- The remaining 30% live in areas where only one insurer is participating next year.
Graham-Cassidy: winners and losers
- Democrats: All of these bills died because of internal Republican divisions, but there's no denying that this whole process has helped organize and energize Democrats from across the party's ideological spectrum.
- Alexander (maybe): Alexander has been beating the drum on ACA stabilization for months. We'll see what happens in his committee, but there seems to be a good chance he'll get closer to success than the repeal-and-replace effort did.
- Medicaid providers and disability advocates: Medicaid's allies came out in force throughout the entire summer. Conventional political wisdom used to hold that Medicaid, unlike Medicare, would be relatively easy to cut. It might be time to rethink that.
- Bill Cassidy: One of the most vexing mysteries of 2017 is why the senator invented the "Jimmy Kimmel test" in the first place. He didn't even walk into a trap, so much as he set one for himself.
- Dean Heller: He flip-flopped from an ardent opponent of steep Medicaid cuts to the cosponsor of steep Medicaid cuts. Not a great way to earn credibility with any of the people who were pushing the senator in either direction.
- Mitch McConnell: The Senate majority leader will be fine, but there's really no way to look at this other than as a failure to make good on a campaign promise Republicans have been making for four cycles.
Congress' other Sept. 30 deadline
Federal funding for the Children's Health Insurance Program is set to expire at the end of the month.
What's happening: Earlier this month, Sens. Orrin Hatch and Ron Wyden, the chairman and top Democrat on the Finance Committee, reached a deal to extend the program for five years while gradually phasing out a funding bump from the ACA.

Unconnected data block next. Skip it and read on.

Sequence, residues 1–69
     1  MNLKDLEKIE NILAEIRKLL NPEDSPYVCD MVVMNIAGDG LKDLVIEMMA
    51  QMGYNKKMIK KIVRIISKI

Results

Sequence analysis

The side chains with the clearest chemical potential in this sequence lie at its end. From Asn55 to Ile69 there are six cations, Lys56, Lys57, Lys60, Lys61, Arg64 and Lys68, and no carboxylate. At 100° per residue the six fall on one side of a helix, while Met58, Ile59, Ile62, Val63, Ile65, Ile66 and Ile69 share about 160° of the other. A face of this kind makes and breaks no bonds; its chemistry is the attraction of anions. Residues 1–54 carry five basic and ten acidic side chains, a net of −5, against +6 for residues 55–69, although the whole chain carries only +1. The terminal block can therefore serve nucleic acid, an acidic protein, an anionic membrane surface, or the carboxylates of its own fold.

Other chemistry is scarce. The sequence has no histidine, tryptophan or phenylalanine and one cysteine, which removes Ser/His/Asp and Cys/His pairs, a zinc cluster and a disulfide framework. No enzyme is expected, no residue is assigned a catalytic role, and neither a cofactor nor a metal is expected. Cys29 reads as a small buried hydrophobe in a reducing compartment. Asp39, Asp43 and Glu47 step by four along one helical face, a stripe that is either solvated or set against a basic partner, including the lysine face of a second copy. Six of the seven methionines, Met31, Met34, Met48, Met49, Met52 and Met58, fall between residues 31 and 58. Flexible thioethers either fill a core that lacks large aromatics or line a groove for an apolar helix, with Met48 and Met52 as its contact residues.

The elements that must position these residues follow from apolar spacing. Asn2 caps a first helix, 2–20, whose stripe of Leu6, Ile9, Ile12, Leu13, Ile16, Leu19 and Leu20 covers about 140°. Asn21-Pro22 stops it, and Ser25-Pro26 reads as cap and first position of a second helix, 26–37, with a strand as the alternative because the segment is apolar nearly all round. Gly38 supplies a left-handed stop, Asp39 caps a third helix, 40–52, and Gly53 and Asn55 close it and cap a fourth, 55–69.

Yes, but: The path forward for passing that agreement hasn't yet been determined, though most states have enough CHIP funding on hand to carry them past Sept. 30.
- Congress also needs to pass a handful of Medicare-related "extenders" by the end of the month. At least for now, they're attached to the House's bill to reauthorize the Federal Aviation Administration, which also needs to pass this week.
Price's private jet problems take off
HHS secretary Tom Price sometimes tacked some personal business — like visiting his son or his property — onto the official trips for which he chartered private jets at the taxpayers' expense, Politico reported last night. Politico has identified 26 times Price chartered a private jet for official travel since taking over at HHS, for a total of more than $400,000.
- Top Democrats on the House Appropriations Committee — Reps. Nita Lowey and Rosa DeLauro — have requested a full accounting of Price's private-jet travel.
- And President Obama's first HHS secretary, Kathleen Sebelius, told Bloomberg that Price's use of chartered aircraft was "stunning." She said she only flew on a private plane once — to reach some far-flung villages in Alaska.
Why it matters: In any other year, this story would be everywhere. And the HHS inspector general is also conducting an investigation. Especially with the more immediate Graham-Cassidy furor off the table, don't expect this story to, ahem, fly under the radar.